ExxonMobil Bernard Harris Summer Science Camp at SWOSU Encourages Future Innovators
The ExxonMobil Bernard Harris Summer Science Camp at Southwestern Oklahoma State University will immerse 50 area middle school students in science, technology, engineering and mathematics (STEM) from June 10-22 on the Weatherford campus.
The camp, one of only 20 such camps in the nation, is an effort to reinforce critical-thinking skills, encourage innovation and curb summer learning loss. ExxonMobil Foundation and The Harris Foundation, along with SWOSU, sponsor the camp.
Wayne Trail, associate professor in the SWOSU Department of Chemistry & Physics, is director of the camp that has the maximum 50 participants. Students are coming from Oklahoma City, McLoud, Burns Flat, Midwest City, Tulsa, Edmond, El Reno, Spencer, Hooker, Moore, Noble, Lookeba, Mustang, Kiowa, Snyder, Clinton, Arapaho, Bethany and Weatherford.
As part of the hands-on, STEM-based curriculum, students will participate in a “Space Day” competition, where they will be challenged to create and design durable spacesuit swatches using household items, which mimic protective materials. Teams will test the strength of their samples using an “impact tester” that imitates the rigors experienced during spacewalks.
Campers will hear from veteran astronaut Dr. Harris on June 12 at 10:30 a.m. in the Memorial Student Center Ballroom when he shares his inspirational journey to become the first African American to walk in space and the extreme elements he encountered during his two shuttle missions. Harris and ExxonMobil engineers will work alongside campers, offering guidance as students use math and science skills to construct their designs.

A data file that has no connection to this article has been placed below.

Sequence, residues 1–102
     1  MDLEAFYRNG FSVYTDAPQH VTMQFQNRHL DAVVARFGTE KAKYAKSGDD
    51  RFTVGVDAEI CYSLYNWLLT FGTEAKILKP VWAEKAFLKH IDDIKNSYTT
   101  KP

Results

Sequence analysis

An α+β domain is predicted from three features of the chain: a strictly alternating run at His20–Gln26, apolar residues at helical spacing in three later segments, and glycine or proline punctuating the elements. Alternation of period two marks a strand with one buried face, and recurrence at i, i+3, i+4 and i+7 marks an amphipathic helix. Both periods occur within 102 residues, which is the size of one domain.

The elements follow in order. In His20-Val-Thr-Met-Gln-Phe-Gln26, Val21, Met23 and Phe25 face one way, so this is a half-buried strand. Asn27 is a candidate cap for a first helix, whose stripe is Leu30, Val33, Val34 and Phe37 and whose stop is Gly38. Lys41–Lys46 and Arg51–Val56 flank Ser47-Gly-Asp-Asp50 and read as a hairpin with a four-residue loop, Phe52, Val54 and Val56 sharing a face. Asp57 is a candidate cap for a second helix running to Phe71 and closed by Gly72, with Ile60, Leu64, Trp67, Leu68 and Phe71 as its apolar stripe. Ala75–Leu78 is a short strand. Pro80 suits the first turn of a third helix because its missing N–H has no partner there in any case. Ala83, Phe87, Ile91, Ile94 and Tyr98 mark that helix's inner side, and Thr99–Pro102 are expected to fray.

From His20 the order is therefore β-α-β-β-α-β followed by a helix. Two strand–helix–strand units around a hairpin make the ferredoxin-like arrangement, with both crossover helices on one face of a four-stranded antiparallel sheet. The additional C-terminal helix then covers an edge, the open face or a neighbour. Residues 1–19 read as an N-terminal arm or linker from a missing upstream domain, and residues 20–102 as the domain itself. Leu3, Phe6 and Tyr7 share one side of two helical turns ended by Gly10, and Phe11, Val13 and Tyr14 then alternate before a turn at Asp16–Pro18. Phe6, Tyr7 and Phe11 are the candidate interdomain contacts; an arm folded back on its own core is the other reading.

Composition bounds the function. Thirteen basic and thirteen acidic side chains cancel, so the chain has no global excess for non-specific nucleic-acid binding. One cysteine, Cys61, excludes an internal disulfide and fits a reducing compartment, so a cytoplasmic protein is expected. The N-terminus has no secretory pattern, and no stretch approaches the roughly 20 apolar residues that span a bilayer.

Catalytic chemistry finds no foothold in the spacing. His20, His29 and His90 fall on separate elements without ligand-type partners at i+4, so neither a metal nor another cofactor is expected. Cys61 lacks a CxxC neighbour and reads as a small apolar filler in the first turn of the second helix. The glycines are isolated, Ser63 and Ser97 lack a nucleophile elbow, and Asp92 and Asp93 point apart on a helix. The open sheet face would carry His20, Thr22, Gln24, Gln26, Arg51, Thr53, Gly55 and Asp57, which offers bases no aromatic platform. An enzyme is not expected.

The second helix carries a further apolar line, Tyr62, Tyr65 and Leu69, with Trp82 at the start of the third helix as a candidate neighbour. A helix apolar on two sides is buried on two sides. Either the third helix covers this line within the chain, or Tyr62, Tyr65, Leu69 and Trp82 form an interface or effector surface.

“The program delivers engaging instruction and mentorship to underserved youth at 20 camps across the country,” said Harris, veteran astronaut and camp founder. “Through this opportunity, students have access to highly qualified educators and professionals who work to develop students’ leadership and problem-solving skills, which are critical components of success.”
The all-expenses-paid camp focuses on teamwork and hands-on activities such as building and designing rockets, bridges and space suits. Area teachers will show campers science and math at work in their community through field excursions to local ecosystems and trips to area museums.
“ExxonMobil is committed to encouraging interest in science and math,” said Suzanne McCarron, president of the ExxonMobil Foundation. “These camps are one way to equip our nation’s youth with skills needed to be competitive in an increasingly global economy.”
This summer marks the 7th consecutive year ExxonMobil Foundation and The Harris Foundation have partnered with SWOSU to offer science camps that help close the achievement gap.